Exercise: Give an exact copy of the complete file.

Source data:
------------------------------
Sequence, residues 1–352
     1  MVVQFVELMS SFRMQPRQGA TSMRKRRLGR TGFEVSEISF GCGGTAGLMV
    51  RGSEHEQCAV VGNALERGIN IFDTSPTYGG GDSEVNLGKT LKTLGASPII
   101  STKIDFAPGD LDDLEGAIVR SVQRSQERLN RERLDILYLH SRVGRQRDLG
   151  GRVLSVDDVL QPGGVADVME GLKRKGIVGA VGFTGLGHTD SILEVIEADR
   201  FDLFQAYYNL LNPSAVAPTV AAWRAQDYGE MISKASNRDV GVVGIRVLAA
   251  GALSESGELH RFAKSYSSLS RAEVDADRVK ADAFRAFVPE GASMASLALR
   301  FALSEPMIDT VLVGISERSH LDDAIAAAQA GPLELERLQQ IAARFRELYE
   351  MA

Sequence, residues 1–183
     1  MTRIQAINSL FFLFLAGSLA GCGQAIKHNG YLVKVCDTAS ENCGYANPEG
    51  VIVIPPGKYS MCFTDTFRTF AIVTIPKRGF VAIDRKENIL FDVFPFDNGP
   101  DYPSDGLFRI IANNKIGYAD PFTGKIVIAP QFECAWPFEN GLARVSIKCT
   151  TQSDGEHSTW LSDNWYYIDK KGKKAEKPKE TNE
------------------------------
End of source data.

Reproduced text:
Sequence, residues 1–352
     1  MVVQFVELMS SFRMQPRQGA TSMRKRRLGR TGFEVSEISF GCGGTAGLMV
    51  RGSEHEQCAV VGNALERGIN IFDTSPTYGG GDSEVNLGKT LKTLGASPII
   101  STKIDFAPGD LDDLEGAIVR SVQRSQERLN RERLDILYLH SRVGRQRDLG
   151  GRVLSVDDVL QPGGVADVME GLKRKGIVGA VGFTGLGHTD SILEVIEADR
   201  FDLFQAYYNL LNPSAVAPTV AAWRAQDYGE MISKASNRDV GVVGIRVLAA
   251  GALSESGELH RFAKSYSSLS RAEVDADRVK ADAFRAFVPE GASMASLALR
   301  FALSEPMIDT VLVGISERSH LDDAIAAAQA GPLELERLQQ IAARFRELYE
   351  MA

Sequence, residues 1–183
     1  MTRIQAINSL FFLFLAGSLA GCGQAIKHNG YLVKVCDTAS ENCGYANPEG
    51  VIVIPPGKYS MCFTDTFRTF AIVTIPKRGF VAIDRKENIL FDVFPFDNGP
   101  DYPSDGLFRI IANNKIGYAD PFTGKIVIAP QFECAWPFEN GLARVSIKCT
   151  TQSDGEHSTW LSDNWYYIDK KGKKAEKPKE TNE